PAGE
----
FIG. 5 illustrates an expanded block diagram of a charging circuit (similar to 170 of FIGS. 3 and 4) for an application in which two batteries 210 and 212 are charged. The towing battery provides power to the charging circuit via a voltage regulation and transient protection circuit 214 at terminals 216 and 218. Alternatively, V+ at the input of the circuit 214 can be (more) directly connected to the less-sensitive electrical components (such as the relays). A first logic circuit 220 (e.g., a programmable CPU or a resistor-capacitor-time-defined 555 timer) is adapted or programmed to control the power distribution from the towing battery to each of the two batteries 210 and 212. As discussed previously, the charging time for each battery can be stopped by timing out after a default interval with the charging function switching to the other battery after this interval. Interface logic 226 provides control signals to relays 230 and 232 for switching on/off the current flow to each of the two batteries 210 and 212 in the above-described alternating manner.

As an option, the CPU 220 can control the charging circuit in response to a user-input device (e.g., keys or switches) 224. In this manner, the charging time for each battery can be controlled by user-set (or default) intervals or by user-directed operation features such as charging and timing out as a function of a user-provided expected travel time.

Other important battery-charging features are provided by battery-current sense circuits 250 and 252. The battery-current sense circuits 250 and 252 include, respectively, LED indicators 251 and 253 that illuminate when the corresponding battery is being charged and, optionally, as a special color when the corresponding battery is fully charged.

The CPU 220 is communicatively coupled to the battery-current sense circuits 250 and 252 for operation-control and status-feedback signaling. The battery-current sense circuits 250 and 252 include current-flow monitoring (as is conventional in commercially-available automotive battery chargers) that can be used to report back to the CPU 220 (status-feedback signaling) and/or to directly control illumination of the charge indicators. For operation-control signaling, the battery-current sense circuits 250 and 252 include logic that permits signals from the CPU 220 (directly or via the interface logic) to control when the LEDs should and should not be illuminated. This control can be provided in response to the preset charge-timing interval or in response to the above-mentioned status-feedback signaling that is provided by the battery-current sense circuits 250 and 252.

One or more of these features can be provided as part of the charging circuit as a factory-activatable option that is deliverable per model number. For example, the CPU 220 can be coded, or PC lines can be broken, to disable the above mentioned feature(s) provided by the battery-current sense circuits 250 and 252.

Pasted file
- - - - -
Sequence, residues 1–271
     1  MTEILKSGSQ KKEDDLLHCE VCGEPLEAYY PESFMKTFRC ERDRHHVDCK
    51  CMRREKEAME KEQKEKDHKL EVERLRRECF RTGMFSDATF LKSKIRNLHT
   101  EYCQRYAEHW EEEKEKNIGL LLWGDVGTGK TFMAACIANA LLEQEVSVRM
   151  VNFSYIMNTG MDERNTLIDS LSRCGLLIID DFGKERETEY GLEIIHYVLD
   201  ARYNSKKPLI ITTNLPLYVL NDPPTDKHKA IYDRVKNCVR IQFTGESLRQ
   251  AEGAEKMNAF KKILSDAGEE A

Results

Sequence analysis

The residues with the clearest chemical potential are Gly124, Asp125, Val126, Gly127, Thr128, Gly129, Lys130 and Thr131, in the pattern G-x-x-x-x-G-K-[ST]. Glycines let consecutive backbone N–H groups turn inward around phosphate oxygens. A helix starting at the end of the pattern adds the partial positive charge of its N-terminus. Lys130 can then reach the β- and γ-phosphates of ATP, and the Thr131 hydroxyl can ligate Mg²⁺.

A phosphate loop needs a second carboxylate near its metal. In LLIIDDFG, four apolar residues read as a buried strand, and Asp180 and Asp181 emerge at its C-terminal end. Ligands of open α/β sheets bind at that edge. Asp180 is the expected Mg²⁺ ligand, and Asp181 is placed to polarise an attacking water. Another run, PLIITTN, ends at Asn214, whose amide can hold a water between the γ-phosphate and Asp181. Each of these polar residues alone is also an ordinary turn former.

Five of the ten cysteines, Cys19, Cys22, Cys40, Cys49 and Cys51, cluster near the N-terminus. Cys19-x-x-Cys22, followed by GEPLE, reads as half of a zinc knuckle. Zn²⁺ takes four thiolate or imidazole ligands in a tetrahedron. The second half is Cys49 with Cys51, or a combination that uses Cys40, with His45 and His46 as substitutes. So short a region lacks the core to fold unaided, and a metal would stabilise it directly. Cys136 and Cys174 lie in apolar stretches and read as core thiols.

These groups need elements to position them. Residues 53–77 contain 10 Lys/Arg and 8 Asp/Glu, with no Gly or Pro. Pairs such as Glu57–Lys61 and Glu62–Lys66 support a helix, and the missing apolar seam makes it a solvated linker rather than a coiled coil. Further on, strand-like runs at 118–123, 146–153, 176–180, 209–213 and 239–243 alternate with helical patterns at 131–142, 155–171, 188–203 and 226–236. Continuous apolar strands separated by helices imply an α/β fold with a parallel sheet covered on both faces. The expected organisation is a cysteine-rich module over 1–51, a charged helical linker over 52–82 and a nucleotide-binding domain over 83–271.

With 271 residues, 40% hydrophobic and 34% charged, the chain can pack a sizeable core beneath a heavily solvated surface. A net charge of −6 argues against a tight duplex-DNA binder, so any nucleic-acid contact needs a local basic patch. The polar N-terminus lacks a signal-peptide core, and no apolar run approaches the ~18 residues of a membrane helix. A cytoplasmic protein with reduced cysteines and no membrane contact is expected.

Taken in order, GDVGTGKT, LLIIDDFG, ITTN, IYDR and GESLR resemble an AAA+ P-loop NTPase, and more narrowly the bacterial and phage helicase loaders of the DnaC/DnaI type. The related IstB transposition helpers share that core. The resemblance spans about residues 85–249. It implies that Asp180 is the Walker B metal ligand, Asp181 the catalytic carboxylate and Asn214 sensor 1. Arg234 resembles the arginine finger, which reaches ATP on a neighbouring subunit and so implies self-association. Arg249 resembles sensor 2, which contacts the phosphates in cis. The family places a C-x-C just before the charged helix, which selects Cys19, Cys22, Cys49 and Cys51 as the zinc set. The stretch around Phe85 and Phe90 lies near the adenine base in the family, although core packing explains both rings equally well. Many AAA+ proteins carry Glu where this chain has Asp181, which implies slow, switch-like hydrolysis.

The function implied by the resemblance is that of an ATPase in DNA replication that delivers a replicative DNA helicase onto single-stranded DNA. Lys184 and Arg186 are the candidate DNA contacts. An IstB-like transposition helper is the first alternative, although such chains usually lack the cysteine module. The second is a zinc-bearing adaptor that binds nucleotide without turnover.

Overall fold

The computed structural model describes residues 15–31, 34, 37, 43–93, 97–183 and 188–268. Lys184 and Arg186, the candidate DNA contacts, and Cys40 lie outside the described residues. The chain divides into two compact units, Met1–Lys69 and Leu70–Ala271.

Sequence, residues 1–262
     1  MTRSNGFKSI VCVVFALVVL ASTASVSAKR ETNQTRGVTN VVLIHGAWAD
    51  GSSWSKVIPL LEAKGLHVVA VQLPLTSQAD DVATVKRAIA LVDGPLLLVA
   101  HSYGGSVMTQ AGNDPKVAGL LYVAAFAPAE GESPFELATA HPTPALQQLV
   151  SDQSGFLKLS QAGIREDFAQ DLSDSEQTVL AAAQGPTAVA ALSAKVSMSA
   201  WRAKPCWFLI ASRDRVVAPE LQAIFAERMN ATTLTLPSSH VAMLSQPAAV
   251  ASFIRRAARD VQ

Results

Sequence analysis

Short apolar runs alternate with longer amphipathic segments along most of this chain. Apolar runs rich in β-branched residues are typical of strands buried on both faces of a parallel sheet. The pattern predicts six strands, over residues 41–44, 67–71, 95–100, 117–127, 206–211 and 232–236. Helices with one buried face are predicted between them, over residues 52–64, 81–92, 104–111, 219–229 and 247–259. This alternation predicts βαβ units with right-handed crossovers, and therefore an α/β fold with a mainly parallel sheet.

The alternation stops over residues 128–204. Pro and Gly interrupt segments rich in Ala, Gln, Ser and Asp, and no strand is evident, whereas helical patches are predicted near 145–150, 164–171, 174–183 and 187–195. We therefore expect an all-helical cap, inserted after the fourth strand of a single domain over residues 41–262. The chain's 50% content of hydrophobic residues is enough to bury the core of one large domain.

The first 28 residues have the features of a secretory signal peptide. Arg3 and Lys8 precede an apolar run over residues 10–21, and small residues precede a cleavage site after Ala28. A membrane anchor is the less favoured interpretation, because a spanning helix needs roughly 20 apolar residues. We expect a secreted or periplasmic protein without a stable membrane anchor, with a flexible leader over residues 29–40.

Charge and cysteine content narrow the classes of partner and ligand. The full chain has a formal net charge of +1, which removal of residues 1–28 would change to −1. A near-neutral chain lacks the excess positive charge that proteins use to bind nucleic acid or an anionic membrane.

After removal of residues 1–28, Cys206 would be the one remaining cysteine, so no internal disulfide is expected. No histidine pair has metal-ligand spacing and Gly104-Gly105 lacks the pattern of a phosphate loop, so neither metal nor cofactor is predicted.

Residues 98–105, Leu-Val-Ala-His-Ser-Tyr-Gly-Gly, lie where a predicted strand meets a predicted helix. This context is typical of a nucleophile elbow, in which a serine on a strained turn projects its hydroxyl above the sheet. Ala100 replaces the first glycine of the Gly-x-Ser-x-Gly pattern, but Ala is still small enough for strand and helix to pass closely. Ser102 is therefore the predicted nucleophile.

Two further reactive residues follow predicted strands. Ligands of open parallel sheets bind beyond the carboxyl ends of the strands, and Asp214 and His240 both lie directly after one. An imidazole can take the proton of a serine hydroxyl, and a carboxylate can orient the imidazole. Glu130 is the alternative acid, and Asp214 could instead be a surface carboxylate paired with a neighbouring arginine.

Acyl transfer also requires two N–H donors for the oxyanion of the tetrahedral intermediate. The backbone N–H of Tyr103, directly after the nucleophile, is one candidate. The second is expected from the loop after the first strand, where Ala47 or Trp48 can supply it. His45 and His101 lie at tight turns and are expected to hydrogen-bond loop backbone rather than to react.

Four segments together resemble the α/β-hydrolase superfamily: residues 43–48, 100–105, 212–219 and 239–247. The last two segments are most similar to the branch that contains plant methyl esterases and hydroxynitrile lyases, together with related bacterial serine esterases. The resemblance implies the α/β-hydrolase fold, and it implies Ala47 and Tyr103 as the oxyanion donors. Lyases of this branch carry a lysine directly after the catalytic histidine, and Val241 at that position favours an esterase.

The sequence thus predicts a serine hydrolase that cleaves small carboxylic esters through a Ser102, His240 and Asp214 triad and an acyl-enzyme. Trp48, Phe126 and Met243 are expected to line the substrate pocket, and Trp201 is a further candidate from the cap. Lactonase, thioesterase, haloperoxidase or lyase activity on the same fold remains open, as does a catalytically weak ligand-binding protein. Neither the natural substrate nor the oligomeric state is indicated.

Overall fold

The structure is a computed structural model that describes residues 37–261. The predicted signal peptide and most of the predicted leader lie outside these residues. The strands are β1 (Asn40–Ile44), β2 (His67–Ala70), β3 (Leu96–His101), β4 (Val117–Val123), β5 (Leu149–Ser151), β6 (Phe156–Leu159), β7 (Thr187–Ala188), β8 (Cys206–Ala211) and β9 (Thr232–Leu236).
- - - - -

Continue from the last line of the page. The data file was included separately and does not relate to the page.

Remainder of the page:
FIG. 6 illustrates another expanded block diagram of an alternative charging circuit (similar to 170 of FIGS. 3 and 4) for an application in which two or three batteries can be charged. Where common functionality is provided relative to previously-discussed figures, similar or identical reference numerals are used (e.g., 214 and 214′). The CPU 220′ shown in FIG. 6 includes the optionally-programmed feature of being able to reverse polarity between the secondary battery terminals in order to accommodate, among other advantages, alternate charging for each of the three secondary batteries without requiring three mutually exclusive terminal sets.

The application shown in FIG. 6 can be implemented in a variety of manners to effect the charging of a third battery (or more batteries, with iterations of the shown circuitry being repeated). The polarity of the connections to the series of batteries is controlled to set the proper polarity for the battery coupled in series. For example, when a first battery B1 (as shown, e.g., in FIG. 4) is being charged, power is applied thereto with negative “B1−” and positive “B1+” terminals. When a second battery B2 is being charged, power is similarly applied to negative “B2−” and positive “B2+” terminals. The various relays shown in FIG. 6 are correspondingly implemented to achieve the correct polarity for the third battery B3, depending upon which terminals of B1 and B2 are coupled to B3. For instance, when the a positive terminal “B3+” of B3 is coupled in series with the negative terminal “B2−” and a negative terminal “B3−” of B3 is coupled in series with the positive terminal “B1+,” the polarity of the power applied to “B2−” and “B1+” is reversed. In addition, prior to switching the polarity to selected terminals, the corresponding terminal of a battery to which polarity is being switched can be first disconnected such that polarity across the battery is not accidentally reversed. Such timing of the switching of polarity (and corresponding charging of a battery) is optionally controlled with a timing circuit that both inhibits the application of an improper polarity to a battery and controls the charge time for each battery. With this approach, the proper polarity for each battery is achieved while controlling the amount of time each battery is charged, for example by implementing a particular timing interval.